Balikpapan was raining and gray. Until then I had only a vague awareness of it, mainly from ANZAC Day military banners and one conversation with a Balinese man taken their as slave labour, by Japanese forces. When the Japanese retreated he took refuge up a coconut palm and was eventually liberated by the Australians. I’d often wondered how he’d survived, given the propensity for Japanese snipers to take up camouflaged positions in trees. Whatever the exact reality, he lived to tell the tale.
I wondered how other Australians felt arriving here under different circumstances 44 years earlier. What must it have been like in 1945? Macarthur’s forces had carried on island hopping through the Philippines and Micronesia while Australian forces were left to clear pockets of Japanese resistance from their strongholds along the Indonesian archipelago. The landings in eastern Borneo fell to the 7th Division, many of whom were veterans of Kokoda, Tobruk, and Alamein.
Cruising along in air conditioned transport from the airport images of young Australian soldiers played in my mind. Hazy black and white images gathered from grainy post war documentaries formed imagined chapters playing on an inner screen, shadows reminiscent of the wayang enacting epic events from times past, merging myth and reality; the deeds of gods with the deeds of men. Of course in the wayang one could always walk behind the screen and ground the myth in the tangible realm of the present. Here the Dalang, his puppets and supporting musicians lent substance to the shadowy realm. I wondered, Balik: to turn; papan: a board, if only I could turn the board around and look behind into 1945. The shadows danced in my mind, the old projector flickered like the wayang flame.
Back in the present differences with other parts of Indonesia were immediately obvious. Few people on the streets, a predominance of new vehicles, clean roads and footpaths, substantial dwellings, earth moving equipment, building supplies and steel fabrications. The sea nearby was dotted with oil wells and Pertamina Oil Refinery dominated the skyline.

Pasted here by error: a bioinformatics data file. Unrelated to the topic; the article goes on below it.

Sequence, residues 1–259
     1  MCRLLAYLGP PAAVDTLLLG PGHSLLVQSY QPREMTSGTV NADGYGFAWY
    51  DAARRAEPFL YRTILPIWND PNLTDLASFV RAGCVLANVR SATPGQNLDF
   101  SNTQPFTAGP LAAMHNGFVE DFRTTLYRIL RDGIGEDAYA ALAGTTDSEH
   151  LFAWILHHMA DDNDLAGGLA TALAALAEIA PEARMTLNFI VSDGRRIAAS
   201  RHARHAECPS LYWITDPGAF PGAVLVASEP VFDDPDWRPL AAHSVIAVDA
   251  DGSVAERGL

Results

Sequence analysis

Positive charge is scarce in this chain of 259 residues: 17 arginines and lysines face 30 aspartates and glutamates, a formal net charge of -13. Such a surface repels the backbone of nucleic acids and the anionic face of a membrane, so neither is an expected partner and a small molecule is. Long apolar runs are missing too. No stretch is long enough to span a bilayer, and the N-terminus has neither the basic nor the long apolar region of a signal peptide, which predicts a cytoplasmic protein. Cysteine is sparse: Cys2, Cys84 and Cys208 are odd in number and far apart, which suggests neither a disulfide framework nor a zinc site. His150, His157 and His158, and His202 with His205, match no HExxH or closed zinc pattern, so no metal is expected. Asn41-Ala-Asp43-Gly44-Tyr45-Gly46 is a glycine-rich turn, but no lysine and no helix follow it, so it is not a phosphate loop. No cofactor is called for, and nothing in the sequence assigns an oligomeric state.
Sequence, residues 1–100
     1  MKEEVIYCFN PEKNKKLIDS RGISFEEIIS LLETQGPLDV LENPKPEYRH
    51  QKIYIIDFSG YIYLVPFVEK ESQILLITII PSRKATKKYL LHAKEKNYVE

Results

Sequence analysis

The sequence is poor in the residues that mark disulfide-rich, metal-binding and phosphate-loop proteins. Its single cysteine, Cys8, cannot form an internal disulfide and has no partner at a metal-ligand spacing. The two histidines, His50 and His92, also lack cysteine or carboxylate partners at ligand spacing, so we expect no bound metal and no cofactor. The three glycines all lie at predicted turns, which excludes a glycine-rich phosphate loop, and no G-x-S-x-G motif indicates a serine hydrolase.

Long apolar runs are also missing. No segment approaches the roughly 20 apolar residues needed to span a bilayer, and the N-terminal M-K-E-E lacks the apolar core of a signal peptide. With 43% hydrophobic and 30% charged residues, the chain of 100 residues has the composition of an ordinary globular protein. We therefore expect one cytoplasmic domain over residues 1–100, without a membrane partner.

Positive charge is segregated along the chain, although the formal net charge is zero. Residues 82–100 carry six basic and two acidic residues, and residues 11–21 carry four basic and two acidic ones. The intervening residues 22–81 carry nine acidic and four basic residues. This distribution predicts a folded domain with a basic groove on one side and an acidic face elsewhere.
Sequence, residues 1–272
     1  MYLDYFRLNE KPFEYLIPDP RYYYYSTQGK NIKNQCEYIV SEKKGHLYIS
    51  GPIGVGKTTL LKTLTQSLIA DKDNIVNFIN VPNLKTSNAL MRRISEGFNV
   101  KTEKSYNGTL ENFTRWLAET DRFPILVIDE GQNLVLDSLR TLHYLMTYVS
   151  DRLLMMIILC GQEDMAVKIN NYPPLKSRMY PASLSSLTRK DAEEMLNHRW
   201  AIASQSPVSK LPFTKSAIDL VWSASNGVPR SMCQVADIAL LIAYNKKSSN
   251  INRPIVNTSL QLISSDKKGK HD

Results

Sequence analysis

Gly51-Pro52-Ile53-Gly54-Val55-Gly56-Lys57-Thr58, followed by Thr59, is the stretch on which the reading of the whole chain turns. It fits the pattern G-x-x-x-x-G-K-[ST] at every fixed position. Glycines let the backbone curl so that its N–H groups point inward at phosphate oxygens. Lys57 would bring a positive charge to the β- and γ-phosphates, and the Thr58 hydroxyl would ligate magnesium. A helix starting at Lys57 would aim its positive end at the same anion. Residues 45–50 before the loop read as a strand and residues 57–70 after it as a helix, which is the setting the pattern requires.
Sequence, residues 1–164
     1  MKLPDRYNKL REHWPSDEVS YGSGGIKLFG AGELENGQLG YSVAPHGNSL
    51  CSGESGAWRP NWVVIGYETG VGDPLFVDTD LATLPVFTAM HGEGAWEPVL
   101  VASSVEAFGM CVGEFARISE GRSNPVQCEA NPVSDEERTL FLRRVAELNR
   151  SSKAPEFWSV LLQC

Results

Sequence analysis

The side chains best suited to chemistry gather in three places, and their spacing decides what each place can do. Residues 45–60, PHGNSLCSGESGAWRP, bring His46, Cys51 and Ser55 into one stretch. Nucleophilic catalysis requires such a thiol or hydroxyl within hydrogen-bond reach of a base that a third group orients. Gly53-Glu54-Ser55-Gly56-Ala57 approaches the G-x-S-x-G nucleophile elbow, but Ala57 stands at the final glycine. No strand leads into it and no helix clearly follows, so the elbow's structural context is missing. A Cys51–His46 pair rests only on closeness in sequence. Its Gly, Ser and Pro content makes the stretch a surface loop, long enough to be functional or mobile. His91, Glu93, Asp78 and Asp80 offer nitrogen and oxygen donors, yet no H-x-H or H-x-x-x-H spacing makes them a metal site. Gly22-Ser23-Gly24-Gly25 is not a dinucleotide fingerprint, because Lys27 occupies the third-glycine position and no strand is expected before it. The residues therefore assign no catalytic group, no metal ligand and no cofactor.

An afternoon city tour with my Indonesian traveling companions, Henky and Paul, revealed the Australian war memorial, set at the edge of the lapangan, also some large Japanese guns slowly being cut up for scrap to raise funds to refurbish a nearby Mosque. Little remained, of the world of 1945, modern Balikpapan is an oil based boom town. The most historic references were the photographs decorating bars in the Hotel Benakutai.
An objective of the Allied Operation Oboe had been to secure oil processing and port facilities. A Naval bombardment was followed by a beach landing and then three weeks of fighting through the surrounding rainforest against tough and well camouflaged Japanese resistance which gradually dissipated. Daily engagements with the Japanese continued over ensuing weeks until the war’s end. Operation Oboe cost the lives of almost 600 Australians with many more wounded.
My own musings meant little in this context. We were here to develop a Cultural Tourism product, “Walks on the Wildside’. Paul was a Jakarta based travel agent, Henky a photographer and I was representing the Australian company that would design and lead the tour. My companions had no inkling of my private thoughts; at this point they were more concerned about where we were going to have dinner.
Although important to Australians Balikpapan isn’t the capital of Kalimantan Timur, the capital is Samarinda on the Mahakam river 95 kilometres north. Great rivers like the Mahakam, Kayan, Rejang and Kapuas remain vital corridors of access to the interior. Important trading cities tend to be located nears the mouths of these rivers. Four Indonesian Provinces, two Malaysian states and Brunei Darussalam straddle one or more of Borneo’s great rivers.
Romantic journeys into the heart of Borneo infused my imagination. My mind carried rich images of Equatorial Rainforests, complex systems optimising the life force and climaxing in total profusion. Although aware of the impact of logging and mining my romantic notions persisted. Heading north out of Balikpapan, on one of Borneo’s few major sealed roads; my sense of romantic anticipation was promptly tempered by a blunt and rational awareness.